We’re constantly being told what we can and can’t do, where we’re allowed to go, at what age we’re allowed to go places. And it may be frustrating, but we allow it because it’s external. But, at least we always have the ability to control our internal things.
Or do we…
We all think we have control over things that WE choose. Things like our role models. But what if we actually didn’t? Think about it – how many guys have women role models? Yet how many girls have male role models? Now hear me out. I get the automatic reaction that girls want to be like girls and guys want to be like guys, I do. But actually think about it. How come no one would blink an eye if a young girl had a poster of Barack Obama, Bill Gates, or Steve Jobs, but it would be so wrong if a young boy had a poster of Hilary Clinton, Beyoncé, or Ivanka Trump solely because they looked up to them? Yeah, I know – the realisation of how true that is, is frustrating.
Now I don’t want to preach, far from it. I get that we still have a long way to go in business as women. The fact that the percentage of senior managers throughout the world that are women is still only 24% in 2012 is a little more than just depressing. But the fact that children feel, be it subconscious or not, that they have restrictions on who their role models can be. That my friend, is extremely depressing.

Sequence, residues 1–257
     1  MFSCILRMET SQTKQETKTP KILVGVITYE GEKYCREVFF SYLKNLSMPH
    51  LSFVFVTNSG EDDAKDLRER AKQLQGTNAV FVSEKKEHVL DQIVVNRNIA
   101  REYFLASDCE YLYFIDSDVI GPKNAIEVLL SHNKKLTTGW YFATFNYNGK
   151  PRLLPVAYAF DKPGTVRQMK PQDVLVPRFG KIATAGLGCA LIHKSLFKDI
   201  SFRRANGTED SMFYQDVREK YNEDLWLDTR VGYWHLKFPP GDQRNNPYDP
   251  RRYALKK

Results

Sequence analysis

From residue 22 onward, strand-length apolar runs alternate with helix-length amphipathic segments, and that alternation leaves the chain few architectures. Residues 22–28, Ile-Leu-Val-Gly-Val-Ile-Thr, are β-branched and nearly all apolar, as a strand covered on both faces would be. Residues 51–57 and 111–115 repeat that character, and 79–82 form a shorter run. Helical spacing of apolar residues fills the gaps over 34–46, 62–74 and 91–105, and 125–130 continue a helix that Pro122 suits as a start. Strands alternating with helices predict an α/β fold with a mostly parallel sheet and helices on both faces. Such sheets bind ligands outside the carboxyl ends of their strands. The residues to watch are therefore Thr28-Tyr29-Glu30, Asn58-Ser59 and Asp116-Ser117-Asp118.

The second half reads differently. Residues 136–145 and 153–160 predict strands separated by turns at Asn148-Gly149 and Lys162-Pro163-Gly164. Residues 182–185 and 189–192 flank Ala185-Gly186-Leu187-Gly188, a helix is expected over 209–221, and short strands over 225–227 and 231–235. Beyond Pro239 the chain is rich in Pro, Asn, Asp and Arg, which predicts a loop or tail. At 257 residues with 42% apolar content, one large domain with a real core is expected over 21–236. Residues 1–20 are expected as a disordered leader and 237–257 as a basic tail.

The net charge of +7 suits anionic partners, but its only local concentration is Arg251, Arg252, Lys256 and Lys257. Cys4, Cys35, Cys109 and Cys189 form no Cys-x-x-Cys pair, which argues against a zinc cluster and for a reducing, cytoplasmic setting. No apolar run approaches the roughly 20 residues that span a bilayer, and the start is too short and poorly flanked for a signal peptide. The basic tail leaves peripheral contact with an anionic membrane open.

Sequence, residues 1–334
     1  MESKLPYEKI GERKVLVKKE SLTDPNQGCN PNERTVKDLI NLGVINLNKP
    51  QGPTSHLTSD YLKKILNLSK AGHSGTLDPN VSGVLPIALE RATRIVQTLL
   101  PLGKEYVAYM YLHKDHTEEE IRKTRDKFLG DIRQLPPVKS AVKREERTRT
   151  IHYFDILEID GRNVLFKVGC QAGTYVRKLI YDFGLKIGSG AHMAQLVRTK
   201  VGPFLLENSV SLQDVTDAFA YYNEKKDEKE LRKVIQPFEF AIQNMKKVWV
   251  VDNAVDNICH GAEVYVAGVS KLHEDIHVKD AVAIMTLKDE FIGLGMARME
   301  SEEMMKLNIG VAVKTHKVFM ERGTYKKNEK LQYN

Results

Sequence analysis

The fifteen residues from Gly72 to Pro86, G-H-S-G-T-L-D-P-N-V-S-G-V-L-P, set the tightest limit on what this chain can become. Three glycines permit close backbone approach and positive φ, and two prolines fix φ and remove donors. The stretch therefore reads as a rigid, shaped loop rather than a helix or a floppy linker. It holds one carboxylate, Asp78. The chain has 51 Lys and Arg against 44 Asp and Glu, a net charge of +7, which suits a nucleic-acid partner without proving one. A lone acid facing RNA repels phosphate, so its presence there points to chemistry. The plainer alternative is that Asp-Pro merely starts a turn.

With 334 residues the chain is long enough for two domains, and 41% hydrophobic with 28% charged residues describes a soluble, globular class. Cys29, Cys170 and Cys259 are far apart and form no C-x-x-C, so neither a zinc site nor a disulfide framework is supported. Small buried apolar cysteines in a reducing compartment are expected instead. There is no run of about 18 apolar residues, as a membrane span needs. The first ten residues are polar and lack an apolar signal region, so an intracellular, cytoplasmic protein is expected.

Now contrary to what most of you are thinking, I do not think that the answer is to push for more businesses to hire women and to promote women as incredible role models. I just want successful women to be promoted as equally as men, and to be viewed as a good role model for both boys and girls. I think a lot of the time those extra pushes actually do the complete opposite. Take the awards for companies that hire a lot of women: “Top Employer for Women”. Fantastic! I think it’s great that women know which companies they can work for that will not discriminate against them, really I do. But what about the other extreme? Are men more intimidated by companies that are the “Top Employers for Women” because they feel they may get overlooked for not being a women? Or maybe that the female managers will be this crazy, media induced version of a feminist? Or that the entire office culture will be a replication of the Stepford Wives? That is not what we want!
But it all starts with education. Not of the masses and not that your company hires the most women or has the most women in senior management roles, but of equality. Equality in the office, in our everyday lives and in our role models. Educate your own kids, other children, people that you care about. And one day, maybe just one, we’ll be able to take over the world enough to have our posters on walls of people who look up to us.
University of Alberta